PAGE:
A few different issues here all hiding under the concept of PHP version confusion, so will try to address each one as clearly as possible. First this:
I realized that there is a miss matching between the PHP version
php -v (in the CLI).
php -v: 5.6.9
PHP CLI is not the same as the PHP Apache module.
As I explain in the answer to this other question here, don’t panic! If you are concerned about what PHP version your Apache server is using, the output of
phpinfo() is always what you should pay attention to. The Apache PHP module and the PHP command line binary are two different things that don’t interfere with each other.
Just pay attention to the output of
phpinfo() if you are concerned about setting the correct PHP module version in Apache.
That said, you still seem to have issues getting the correct PHP module loaded in Apache:
I tried to write this line in my
LoadModule php5_module /usr/local/opt/php56/libexec/apache2/libphp5.so
Make sure your Apache server is loading the correct PHP module.
While what you did technically looks to be correct, the only reason I can see for this to not work is somehow there is another
LoadModule php5_module directive in the Apache config files that is superseding the value you are setting that line.
I would recommend looking through the
httpd.conf—which I assume is located here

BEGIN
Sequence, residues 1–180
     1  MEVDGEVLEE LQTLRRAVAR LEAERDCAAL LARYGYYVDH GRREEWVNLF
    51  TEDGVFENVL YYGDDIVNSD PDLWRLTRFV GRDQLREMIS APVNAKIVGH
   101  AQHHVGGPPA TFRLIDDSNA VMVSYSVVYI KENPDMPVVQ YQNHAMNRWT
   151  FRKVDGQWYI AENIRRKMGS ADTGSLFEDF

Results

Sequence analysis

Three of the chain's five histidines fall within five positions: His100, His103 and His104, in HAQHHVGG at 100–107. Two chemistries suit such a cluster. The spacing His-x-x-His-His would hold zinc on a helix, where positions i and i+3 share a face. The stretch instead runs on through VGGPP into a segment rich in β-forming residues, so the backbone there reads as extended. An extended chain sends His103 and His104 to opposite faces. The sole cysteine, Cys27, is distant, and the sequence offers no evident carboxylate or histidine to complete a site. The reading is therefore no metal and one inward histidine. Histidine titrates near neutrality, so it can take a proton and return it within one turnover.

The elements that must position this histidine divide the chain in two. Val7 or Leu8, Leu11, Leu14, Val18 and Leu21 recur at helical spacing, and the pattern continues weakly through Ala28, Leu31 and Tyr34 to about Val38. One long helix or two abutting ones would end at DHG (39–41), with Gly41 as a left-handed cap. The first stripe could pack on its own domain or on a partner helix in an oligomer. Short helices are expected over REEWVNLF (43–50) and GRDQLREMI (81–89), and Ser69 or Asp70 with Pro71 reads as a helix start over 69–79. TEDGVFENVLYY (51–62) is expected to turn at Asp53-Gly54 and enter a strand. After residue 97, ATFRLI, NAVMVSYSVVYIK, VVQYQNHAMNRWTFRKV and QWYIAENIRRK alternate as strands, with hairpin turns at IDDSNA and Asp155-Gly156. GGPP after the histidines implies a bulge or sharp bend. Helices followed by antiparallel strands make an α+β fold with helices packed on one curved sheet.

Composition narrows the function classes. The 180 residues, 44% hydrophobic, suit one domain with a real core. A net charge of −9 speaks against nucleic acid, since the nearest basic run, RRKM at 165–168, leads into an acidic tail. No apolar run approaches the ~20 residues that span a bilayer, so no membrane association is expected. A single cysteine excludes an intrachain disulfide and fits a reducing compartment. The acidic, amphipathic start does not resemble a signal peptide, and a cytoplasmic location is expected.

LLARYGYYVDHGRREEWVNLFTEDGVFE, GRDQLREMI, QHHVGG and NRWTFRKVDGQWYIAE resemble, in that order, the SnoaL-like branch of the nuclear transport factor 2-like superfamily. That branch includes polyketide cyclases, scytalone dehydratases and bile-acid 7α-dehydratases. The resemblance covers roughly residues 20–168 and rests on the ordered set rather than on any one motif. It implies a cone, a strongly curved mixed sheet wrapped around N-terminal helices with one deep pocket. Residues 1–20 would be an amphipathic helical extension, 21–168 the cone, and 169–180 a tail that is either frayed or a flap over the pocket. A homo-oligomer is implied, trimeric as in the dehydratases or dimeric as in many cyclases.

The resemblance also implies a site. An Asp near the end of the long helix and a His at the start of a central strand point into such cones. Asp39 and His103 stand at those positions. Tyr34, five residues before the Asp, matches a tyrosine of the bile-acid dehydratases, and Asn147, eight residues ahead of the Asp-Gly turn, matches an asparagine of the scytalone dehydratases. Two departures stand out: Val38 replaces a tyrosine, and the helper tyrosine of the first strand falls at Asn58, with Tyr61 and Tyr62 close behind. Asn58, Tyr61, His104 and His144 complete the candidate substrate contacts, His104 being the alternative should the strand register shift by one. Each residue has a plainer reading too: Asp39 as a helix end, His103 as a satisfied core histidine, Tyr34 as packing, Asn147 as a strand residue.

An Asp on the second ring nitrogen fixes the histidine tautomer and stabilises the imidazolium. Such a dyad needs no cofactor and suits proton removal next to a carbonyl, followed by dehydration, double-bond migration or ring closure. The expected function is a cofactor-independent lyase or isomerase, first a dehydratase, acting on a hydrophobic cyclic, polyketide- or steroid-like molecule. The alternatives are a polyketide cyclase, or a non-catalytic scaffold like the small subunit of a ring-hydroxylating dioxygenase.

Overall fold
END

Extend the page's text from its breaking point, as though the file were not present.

/etc/apache2/httpd.conf—and see if perhaps there is indeed another
LoadModule php5_module that you missed or did not notice when editing that file. Looking at my equivalent file in Mac OS X 10.9.5 I see the line is commented out—since I don’t use Mac OS X Apache/PHP setups—and reads something like this:
#LoadModule php5_module libexec/apache2/libphp5.so
Of course in your case it would be uncommented. More details on configuring Apache and PHP for web development can be found on this site.
Seriously consider using MAMP as an alternative to Mac OS X Apache/PHP quirks.
Now all of that said, I don’t know what you are attempting to do, but if you are doing web development on a Mac OS X system you should seriously consider using MAMP instead of hacking the core Mac OS X web stack to get things running.
The benefit of MAMP is it’s an extremely production level Mac OS X equivalent of a LAMP stack. And since it’s geared towards real-world web development, it has all the modules and configs setup exactly as one should have them setup.
The core problem with Apache and PHP on Mac OS X is the software is typically out of date, a pain to configure/tweak and manage and a headache to debug when stuff like this happens. And what if a Mac OS X update comes along that wipes out your carefully setup Apache and PHP settings? You are back to square one.